London (CNN) — Malala Yousufzai, the Pakistani teenager who defied Taliban attackers to promote education for girls, says she's "feeling all right" after two weekend surgeries.
Doctors attached a titanium plate to her skull and implanted a cochlear device to restore hearing to her left ear.
"I'm happy that both of the operations are successful," she said Monday from her bed at a Birmingham hospital. "I can walk a little bit and I'm feeling better."
She hopes to be fully recovered in about a month, she said.
Malala "has no long-lasting brain injuries" after being shot in the head by Taliban gunmen last October, her brain surgeon, Dr. Anwen White, said Monday.
"She won't need any further surgery," White said.
The five-hour operation took place Sunday at a Birmingham hospital. After surgeons attached the titanium plate and inserted the implant, the 15-year-old Malala was "very focused and enthusiastic," White said.
Shortly after the shooting, Malala's brain swelled dangerously, so doctors in Pakistan extracted a section of her skull about the size of a hand. Otherwise, the pressure in her cranium would have caused severe brain damage, likely killing her. Doctors then temporarily implanted the skull piece in her abdomen -- a common procedure to preserve bone fragments for later use.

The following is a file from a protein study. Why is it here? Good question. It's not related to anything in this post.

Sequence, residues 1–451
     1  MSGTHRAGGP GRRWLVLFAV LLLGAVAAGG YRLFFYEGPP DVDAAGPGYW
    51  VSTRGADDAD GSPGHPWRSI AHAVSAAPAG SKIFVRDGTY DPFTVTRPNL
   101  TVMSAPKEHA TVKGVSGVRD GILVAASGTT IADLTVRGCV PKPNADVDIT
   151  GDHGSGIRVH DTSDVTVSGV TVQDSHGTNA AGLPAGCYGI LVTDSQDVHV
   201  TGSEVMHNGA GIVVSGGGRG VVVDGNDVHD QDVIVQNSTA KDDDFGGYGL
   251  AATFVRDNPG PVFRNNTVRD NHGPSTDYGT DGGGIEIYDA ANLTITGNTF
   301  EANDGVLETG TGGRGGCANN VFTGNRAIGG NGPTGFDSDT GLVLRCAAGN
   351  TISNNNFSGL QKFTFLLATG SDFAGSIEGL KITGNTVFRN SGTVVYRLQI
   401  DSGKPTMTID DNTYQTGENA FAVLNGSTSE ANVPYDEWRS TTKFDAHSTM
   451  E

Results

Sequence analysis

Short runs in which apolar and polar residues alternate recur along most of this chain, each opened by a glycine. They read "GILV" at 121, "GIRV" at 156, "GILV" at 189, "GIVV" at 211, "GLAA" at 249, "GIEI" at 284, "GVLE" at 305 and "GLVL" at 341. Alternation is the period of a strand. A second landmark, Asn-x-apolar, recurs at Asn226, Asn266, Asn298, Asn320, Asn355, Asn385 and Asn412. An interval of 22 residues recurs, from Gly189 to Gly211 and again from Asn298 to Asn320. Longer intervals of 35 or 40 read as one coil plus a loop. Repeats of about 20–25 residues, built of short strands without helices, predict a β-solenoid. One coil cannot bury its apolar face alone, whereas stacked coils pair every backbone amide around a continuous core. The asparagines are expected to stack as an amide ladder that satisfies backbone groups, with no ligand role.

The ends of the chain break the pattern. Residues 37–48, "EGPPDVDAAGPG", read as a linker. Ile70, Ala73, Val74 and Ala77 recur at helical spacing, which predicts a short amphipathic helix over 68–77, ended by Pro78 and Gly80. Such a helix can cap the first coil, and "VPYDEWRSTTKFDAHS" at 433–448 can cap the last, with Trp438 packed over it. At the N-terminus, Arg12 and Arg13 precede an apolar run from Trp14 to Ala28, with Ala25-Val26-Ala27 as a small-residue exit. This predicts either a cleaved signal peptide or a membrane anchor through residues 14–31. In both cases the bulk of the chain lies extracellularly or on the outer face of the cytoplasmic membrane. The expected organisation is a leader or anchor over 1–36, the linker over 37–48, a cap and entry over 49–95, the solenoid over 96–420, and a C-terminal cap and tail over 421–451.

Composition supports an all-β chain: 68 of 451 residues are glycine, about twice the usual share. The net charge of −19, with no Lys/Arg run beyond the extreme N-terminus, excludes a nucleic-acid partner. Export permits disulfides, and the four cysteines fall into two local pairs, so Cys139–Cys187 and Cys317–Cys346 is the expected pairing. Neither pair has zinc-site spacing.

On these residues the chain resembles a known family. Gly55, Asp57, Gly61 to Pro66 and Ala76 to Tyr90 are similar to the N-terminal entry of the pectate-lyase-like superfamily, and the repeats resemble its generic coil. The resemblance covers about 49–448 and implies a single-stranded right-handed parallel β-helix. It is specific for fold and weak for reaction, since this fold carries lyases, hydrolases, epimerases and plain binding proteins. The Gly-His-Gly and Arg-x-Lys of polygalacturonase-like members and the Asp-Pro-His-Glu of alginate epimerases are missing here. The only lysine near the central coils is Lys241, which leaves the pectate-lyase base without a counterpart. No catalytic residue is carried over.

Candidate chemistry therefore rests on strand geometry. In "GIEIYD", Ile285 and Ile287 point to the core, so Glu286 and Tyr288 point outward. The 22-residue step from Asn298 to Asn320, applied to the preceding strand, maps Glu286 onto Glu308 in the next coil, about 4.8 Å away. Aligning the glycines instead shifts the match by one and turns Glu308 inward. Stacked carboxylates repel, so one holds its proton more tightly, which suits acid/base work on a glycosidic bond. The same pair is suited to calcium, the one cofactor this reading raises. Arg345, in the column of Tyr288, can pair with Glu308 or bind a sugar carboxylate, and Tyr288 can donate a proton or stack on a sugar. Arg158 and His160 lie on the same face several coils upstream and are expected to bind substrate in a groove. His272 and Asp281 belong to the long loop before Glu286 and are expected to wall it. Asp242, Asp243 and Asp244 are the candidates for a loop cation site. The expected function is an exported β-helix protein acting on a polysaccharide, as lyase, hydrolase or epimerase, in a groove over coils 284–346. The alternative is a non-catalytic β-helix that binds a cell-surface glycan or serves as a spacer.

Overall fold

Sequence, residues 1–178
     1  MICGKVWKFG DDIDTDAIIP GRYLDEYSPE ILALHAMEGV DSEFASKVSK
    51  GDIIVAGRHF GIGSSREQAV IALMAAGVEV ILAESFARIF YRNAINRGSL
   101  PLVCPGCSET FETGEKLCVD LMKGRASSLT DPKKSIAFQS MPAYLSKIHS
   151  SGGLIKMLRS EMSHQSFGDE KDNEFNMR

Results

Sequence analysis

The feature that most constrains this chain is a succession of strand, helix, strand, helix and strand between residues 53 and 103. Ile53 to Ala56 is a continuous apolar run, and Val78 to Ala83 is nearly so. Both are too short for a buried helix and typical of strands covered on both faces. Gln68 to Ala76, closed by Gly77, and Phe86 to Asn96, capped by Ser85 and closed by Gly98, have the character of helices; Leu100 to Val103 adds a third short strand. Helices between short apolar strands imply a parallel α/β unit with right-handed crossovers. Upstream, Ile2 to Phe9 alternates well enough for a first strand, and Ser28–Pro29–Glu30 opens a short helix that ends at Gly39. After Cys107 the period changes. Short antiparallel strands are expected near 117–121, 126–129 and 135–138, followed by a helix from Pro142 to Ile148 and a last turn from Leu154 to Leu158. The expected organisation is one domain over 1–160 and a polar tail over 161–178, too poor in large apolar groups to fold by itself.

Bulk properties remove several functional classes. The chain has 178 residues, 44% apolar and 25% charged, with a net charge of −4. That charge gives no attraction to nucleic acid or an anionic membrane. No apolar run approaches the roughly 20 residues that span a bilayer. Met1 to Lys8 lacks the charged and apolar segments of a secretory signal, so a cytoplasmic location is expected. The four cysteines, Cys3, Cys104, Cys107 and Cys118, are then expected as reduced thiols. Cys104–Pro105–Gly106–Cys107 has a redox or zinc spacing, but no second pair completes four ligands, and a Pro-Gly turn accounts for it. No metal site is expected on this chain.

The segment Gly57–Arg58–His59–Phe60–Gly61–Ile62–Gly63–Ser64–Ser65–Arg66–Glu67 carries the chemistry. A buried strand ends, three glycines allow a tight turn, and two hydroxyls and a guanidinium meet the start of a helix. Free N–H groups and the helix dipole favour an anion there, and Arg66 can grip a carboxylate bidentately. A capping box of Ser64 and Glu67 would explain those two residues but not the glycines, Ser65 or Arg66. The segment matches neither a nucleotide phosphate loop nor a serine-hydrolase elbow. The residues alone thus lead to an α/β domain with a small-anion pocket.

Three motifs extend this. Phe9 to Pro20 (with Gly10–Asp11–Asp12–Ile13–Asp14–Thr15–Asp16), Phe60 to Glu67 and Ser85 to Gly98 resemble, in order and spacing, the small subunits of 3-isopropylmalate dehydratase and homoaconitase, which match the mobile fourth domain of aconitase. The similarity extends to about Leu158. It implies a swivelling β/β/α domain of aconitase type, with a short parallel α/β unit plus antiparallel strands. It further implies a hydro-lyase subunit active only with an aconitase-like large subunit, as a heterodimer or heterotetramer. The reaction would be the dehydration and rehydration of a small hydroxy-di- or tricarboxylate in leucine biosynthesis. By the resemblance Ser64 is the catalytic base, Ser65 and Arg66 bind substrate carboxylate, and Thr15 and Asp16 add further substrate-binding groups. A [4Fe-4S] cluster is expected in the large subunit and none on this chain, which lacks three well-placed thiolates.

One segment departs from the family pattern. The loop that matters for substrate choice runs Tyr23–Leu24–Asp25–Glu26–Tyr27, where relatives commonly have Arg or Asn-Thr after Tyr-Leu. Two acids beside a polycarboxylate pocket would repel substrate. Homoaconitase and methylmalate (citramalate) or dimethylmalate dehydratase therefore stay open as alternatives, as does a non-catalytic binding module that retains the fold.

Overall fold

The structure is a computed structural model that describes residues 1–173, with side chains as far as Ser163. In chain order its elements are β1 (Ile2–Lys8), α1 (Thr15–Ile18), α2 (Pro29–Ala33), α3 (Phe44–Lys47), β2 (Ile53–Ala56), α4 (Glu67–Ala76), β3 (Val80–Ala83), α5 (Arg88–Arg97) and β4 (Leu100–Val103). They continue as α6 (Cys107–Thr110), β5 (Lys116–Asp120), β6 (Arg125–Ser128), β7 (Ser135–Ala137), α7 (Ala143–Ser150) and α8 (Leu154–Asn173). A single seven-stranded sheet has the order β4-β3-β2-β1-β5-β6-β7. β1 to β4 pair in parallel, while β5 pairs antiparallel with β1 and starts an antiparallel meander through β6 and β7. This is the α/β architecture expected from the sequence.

The skull piece would have no longer fit properly without the addition of some titanium parts, as her head and the bone fragment have changed.
Titanium also has a low incidence of infection and can be handcrafted to near perfection, doctors said.
On Saturday, before the surgery, Malala credited her survival to "the prayers of the people."
"Because of these prayers, God has given me this new life and I want to serve and I want every girl, every child to be educated," she said.
"She's already talking about furthering her cause," said the hospital's medical director, Dr. Dave Rosser. The terrorists have said they will target her again.
Malala had become deaf when gunfire from the attack broke the delicate bones that help turn sound into sensory impulses to the brain.
The cochlear device will not allow her to hear completely naturally, Rosser said. But it will restore enough function to the damaged ear to allow her to hear things such as an approaching car, which obviously is important for safety.